I think this is a good initiative, and better than doing nothing. It might even have been initiated years ago, because proof of the crimes involved already exists for many years. Personally, I do not think that it will cause any real changes in the political scene on the ground. The Syrian regime has immediately strongly rejected the Dutch initiative, arguing that The Hague is the last capital that should accuse Syria, because it accuses the Dutch government of supporting Syrian terrorist organizations. In any case, this initiative may bring some movement in making the Syrian regime accountable for its atrocities. But if you really want to bring people before justice, you have to catch them, instead of having them tried in absentia.

The Hague likes to call itself the “international city of peace and justice”. This name is well deserved in the sense that, according to its municipality, “thousands of people are working here every day to build a more peaceful and just world”. But when it comes to Israel, this name is not justified, at least when taking into account the policies concerned of the Dutch government, which thus far has condoned more or less all Israeli gross human rights violations, and has not done anything practical against it.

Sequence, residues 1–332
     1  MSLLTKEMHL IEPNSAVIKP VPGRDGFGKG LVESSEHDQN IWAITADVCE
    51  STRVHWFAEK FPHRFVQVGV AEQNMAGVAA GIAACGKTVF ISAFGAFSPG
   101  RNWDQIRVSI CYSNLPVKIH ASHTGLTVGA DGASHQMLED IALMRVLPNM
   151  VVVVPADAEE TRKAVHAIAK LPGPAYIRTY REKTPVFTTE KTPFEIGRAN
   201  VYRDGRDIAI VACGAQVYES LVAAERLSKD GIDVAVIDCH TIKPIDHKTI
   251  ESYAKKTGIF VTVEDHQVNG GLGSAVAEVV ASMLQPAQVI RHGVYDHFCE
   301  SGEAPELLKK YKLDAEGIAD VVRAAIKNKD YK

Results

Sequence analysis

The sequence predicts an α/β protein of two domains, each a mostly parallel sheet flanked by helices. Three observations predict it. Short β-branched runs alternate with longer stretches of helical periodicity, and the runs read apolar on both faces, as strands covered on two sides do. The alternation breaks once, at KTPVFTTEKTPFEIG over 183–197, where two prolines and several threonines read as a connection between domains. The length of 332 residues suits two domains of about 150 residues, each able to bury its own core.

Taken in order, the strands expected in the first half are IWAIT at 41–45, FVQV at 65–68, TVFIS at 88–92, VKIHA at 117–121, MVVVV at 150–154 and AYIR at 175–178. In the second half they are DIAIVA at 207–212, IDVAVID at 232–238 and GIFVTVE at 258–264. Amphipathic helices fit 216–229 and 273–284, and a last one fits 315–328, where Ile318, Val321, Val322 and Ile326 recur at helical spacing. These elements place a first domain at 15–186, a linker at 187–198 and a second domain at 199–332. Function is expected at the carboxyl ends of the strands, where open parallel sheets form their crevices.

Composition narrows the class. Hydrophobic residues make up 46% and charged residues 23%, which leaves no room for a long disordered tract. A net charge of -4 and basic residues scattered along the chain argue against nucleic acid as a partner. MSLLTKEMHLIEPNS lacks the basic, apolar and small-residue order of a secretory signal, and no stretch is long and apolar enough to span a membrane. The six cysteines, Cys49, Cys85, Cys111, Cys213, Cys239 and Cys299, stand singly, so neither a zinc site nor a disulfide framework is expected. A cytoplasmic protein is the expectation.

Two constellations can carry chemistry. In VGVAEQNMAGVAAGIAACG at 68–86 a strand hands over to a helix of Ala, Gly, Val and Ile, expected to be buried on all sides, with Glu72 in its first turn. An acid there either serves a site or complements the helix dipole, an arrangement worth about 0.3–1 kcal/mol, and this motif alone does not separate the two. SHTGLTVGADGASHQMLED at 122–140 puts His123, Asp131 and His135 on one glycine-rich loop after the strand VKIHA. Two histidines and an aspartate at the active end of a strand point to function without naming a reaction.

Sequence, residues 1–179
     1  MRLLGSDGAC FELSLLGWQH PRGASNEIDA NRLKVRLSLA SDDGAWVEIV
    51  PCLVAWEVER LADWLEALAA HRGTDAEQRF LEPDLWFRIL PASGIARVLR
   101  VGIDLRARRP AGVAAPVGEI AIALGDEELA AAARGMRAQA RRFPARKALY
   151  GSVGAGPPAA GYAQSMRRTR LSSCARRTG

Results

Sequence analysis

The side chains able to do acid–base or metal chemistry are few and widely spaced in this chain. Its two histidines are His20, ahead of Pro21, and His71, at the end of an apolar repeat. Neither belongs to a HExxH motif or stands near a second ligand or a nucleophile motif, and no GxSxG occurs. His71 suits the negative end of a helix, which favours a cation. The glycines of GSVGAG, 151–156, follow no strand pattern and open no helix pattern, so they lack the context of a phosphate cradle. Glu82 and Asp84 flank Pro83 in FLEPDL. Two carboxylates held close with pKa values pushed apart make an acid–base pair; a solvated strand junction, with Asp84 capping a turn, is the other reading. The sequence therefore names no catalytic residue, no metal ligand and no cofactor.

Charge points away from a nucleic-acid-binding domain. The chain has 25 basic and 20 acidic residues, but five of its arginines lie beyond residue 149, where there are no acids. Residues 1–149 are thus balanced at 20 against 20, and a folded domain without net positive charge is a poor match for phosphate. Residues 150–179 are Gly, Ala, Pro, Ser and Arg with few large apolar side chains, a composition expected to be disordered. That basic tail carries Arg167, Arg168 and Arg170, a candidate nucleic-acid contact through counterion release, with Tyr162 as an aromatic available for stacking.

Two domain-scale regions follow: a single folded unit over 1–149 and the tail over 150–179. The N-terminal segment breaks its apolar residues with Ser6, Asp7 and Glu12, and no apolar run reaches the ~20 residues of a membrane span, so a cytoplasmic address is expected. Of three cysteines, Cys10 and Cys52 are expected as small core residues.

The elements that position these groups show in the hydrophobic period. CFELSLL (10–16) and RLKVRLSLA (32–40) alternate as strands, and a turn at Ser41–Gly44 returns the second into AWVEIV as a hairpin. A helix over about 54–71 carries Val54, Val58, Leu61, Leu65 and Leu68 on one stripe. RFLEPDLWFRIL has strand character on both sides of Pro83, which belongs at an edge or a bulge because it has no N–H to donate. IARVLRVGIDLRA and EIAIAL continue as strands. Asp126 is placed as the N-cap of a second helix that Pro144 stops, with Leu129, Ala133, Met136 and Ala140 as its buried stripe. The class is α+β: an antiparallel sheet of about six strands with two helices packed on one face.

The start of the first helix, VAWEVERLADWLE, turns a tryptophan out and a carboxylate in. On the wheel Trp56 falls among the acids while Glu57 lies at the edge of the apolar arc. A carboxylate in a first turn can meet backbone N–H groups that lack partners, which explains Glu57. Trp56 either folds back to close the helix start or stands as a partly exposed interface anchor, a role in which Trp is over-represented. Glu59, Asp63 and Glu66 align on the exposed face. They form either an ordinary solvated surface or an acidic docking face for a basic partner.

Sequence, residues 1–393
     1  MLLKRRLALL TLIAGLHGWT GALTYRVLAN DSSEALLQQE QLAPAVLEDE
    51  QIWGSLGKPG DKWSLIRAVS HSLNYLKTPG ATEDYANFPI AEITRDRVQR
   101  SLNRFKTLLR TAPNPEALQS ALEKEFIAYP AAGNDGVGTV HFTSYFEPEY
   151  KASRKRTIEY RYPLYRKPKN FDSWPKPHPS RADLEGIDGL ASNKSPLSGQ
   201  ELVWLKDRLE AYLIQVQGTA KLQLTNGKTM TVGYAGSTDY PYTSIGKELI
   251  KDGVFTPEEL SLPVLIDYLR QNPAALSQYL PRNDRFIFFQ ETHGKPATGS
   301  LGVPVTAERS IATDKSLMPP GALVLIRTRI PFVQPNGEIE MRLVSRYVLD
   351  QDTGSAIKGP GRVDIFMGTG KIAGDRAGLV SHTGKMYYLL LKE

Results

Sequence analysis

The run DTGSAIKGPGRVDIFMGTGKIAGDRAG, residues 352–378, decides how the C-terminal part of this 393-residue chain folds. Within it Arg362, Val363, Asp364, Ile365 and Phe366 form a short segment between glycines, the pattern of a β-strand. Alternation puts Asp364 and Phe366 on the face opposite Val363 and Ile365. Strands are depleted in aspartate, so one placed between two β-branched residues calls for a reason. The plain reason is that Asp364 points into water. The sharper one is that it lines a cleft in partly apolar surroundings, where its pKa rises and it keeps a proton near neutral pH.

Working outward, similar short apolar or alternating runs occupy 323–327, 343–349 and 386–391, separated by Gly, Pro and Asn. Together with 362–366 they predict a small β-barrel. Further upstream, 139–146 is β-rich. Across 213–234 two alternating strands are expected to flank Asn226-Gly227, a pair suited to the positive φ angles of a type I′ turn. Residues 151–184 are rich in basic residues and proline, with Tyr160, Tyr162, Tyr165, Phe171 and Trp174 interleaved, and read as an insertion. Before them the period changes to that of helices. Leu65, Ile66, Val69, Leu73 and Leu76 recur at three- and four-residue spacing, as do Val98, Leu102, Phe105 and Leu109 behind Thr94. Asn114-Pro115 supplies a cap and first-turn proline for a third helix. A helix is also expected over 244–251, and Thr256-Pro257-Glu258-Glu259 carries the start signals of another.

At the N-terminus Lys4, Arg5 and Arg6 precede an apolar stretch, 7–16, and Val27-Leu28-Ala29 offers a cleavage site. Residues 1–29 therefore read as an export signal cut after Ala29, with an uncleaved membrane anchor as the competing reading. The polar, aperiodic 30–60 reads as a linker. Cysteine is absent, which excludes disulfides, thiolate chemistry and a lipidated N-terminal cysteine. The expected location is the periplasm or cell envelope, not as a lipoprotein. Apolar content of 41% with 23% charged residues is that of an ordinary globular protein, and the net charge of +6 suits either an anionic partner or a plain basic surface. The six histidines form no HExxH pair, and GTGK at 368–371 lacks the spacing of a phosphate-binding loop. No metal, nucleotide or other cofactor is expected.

* How do you look at what is happening in Syria in the present period? And what is your message to all the parties of the Syrian-Syrian conflict?

After more than 9 years of bloodshed, I cannot keep repeating my earlier elementary advises, because that would not be realistic. Times have changed, and the heavy burden of deadly victims, millions of refugees and material destruction have all asked their toll, making any compromise even more difficult than before.